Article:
You may be familiar with the FBAR, but do you know what should be reported on the FBAR? Read below to find out the accounts that count, and the accounts that you can skip on this critical filing requirement.
FBAR: What Is It?
If you are a US citizen or resident who has an interest in a financial account outside the US, you may need to file a Foreign Bank Account Report (FBAR) to disclose these accounts. US partnerships, corporations, trusts, and estates are also required info on an FBAR. An FBAR is required if the total amount of all your foreign financial accounts exceeds $10,000. You can calculate the aggregate value by taking the highest annual balance of each account and adding them together. For example, if foreign account A had a maximum annual balance of $4,000 and foreign account B had a maximum annual balance of $7,000, the aggregate value is $11,000, and an FBAR is required.
What Should Be Reported on the FBAR?
Before you can calculate whether your account balances meet the FBAR filing threshold, you need to know what type of accounts must be reported. While a checking account is usually the first kind to come to mind, a multitude of other types of accounts may also be required info on your FBAR.
Let’s back up for a minute. What does it mean to have an interest in a financial account? According to the IRS, you have an interest in a financial account if:
- You actually own the account.
- You own the account jointly with another person.
- You have signatory authority on an account that you do not own—meaning that you have the authority to control the disposition of the assets in the account. A common example is an employee who has the authority to write checks from the employer’s account.
- You own more than 50% of a business that holds a foreign financial account.
Next, which accounts qualify as foreign financial accounts?
In general, deposit accounts such as checking and savings accounts, investment accounts, and most pension and retirement accounts are FBAR-reportable. Following is a non-exhaustive list of examples:
- Deposit and custodial accounts held in foreign financial institutions
- Financial accounts held at a foreign branch of a US financial institution
- Investment, securities, and brokerage accounts held in a foreign financial institution
- Foreign mutual funds
- Foreign accounts and foreign investment assets held by a grantor trust (foreign or domestic) for which you are the grantor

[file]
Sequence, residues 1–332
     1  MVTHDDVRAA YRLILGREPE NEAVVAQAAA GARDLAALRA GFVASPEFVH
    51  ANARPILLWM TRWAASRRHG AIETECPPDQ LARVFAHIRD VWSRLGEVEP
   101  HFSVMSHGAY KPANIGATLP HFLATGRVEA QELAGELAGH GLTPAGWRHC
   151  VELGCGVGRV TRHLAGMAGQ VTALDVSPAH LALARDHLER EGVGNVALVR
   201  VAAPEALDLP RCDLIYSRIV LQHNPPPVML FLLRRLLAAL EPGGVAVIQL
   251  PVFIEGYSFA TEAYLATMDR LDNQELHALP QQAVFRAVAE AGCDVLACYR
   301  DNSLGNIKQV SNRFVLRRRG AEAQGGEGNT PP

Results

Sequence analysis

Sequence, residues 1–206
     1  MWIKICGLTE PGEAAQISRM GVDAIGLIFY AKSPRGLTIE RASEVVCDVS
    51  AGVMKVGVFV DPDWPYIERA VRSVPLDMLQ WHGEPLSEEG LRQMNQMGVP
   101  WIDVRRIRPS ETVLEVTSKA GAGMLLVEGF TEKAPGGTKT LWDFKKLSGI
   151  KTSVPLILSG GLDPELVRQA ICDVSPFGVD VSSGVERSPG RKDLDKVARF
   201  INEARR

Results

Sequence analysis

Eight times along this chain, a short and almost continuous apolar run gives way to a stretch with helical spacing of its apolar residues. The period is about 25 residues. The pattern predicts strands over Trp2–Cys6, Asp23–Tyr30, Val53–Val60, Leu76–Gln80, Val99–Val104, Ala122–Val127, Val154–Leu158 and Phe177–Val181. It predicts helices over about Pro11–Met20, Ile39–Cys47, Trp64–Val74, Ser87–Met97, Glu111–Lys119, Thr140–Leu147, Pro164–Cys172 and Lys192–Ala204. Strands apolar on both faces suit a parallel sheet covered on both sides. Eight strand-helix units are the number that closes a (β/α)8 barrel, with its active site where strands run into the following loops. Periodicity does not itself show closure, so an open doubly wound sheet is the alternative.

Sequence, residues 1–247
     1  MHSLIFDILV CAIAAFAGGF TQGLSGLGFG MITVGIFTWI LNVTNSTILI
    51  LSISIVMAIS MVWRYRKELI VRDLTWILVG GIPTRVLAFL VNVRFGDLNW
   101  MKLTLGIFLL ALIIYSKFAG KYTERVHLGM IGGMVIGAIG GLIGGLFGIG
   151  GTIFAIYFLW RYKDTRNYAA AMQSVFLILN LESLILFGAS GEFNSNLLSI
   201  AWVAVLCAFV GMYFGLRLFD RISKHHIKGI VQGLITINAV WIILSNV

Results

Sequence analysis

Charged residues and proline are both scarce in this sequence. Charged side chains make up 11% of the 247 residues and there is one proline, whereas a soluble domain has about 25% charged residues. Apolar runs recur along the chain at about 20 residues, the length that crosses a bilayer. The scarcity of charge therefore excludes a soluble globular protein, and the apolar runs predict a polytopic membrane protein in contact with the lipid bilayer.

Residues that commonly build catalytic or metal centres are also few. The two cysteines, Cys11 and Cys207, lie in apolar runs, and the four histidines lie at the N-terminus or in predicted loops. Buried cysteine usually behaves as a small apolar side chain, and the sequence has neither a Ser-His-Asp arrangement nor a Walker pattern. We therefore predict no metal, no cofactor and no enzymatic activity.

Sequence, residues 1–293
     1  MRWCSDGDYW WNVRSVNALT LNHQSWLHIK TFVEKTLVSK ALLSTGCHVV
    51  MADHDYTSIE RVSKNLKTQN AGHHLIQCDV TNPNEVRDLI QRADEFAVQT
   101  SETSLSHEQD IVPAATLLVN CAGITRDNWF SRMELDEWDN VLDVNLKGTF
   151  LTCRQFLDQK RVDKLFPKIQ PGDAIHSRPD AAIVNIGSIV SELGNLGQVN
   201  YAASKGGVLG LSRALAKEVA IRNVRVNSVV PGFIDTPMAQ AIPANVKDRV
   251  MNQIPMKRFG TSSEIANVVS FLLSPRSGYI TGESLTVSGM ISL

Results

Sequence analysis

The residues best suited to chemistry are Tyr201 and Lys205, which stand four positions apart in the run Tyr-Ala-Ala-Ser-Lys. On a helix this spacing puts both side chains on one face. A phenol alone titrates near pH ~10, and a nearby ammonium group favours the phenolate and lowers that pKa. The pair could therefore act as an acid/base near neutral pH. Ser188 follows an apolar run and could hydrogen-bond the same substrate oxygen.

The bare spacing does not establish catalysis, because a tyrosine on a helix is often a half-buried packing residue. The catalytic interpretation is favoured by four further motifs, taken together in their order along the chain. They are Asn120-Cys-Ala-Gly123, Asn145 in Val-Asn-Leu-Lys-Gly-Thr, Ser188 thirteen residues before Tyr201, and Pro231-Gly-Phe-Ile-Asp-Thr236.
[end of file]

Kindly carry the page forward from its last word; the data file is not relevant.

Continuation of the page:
- Foreign life insurance or annuity contract with a cash surrender value
- Foreign retirement accounts, including employer-provided pension plans
What About Retirement Accounts?
Most employer pensions fall under one of two types: defined benefit plan or defined contribution plan. A defined benefit plan is generally an employer or government plan funded by the employer or government, which provides for a fixed benefit in case of retirement or death. In most cases, plan participants are not considered the legal owners, nor can they direct the investments or cause a disposition of funds. Moreover, you may not be able to ascertain the current value or balance of a defined benefit plan prior to retirement.
Due to the factors above, some practitioners take the position that these plans do not need to be reported on the FBAR. A conservative approach would be to report it on the FBAR using a reasonable estimate – if the plan provides for a residual cash benefit payable to the beneficiaries upon the plan participant’s death before retirement age, this amount may be used as the balance to be reported on the FBAR. If you are currently receiving benefits under such a plan, you can report the total annual payments as the FBAR balance.
A defined contribution plan is funded by the employer and often the employee as well; the employee can often direct the investments within the plan. Additionally, defined contribution plans almost always have a readily-ascertained value or balance. Thus, defined contribution plans should always be reported on your FBAR.
Several countries—such as Switzerland—have a tiered retirement scheme, with three pillars. The first pillar is often a social security-type program – a welfare program providing defined benefits for old age and disability. This type of plan is not FBAR-reportable. The second pillar is often an employer pension plan, funded by the employer and employee, which is FBAR-reportable. The third pillar is generally an individual or private retirement plan, which is also FBAR-reportable.
While a social security style of retirement plan provided by a foreign government does not need to be reported on the FBAR, some foreign retirement plans are a hybrid of social security and pension plan. These are generally compulsory, government-managed funds with contributions from both the employer and employee. Some notable examples are the provident funds of India, Singapore, and Hong Kong. Despite the similarities with social security-type programs, these types of pensions are FBAR-reportable.
Greenback Experts Know What Should Be Reported on the FBAR, and What Accounts You Can Disregard.
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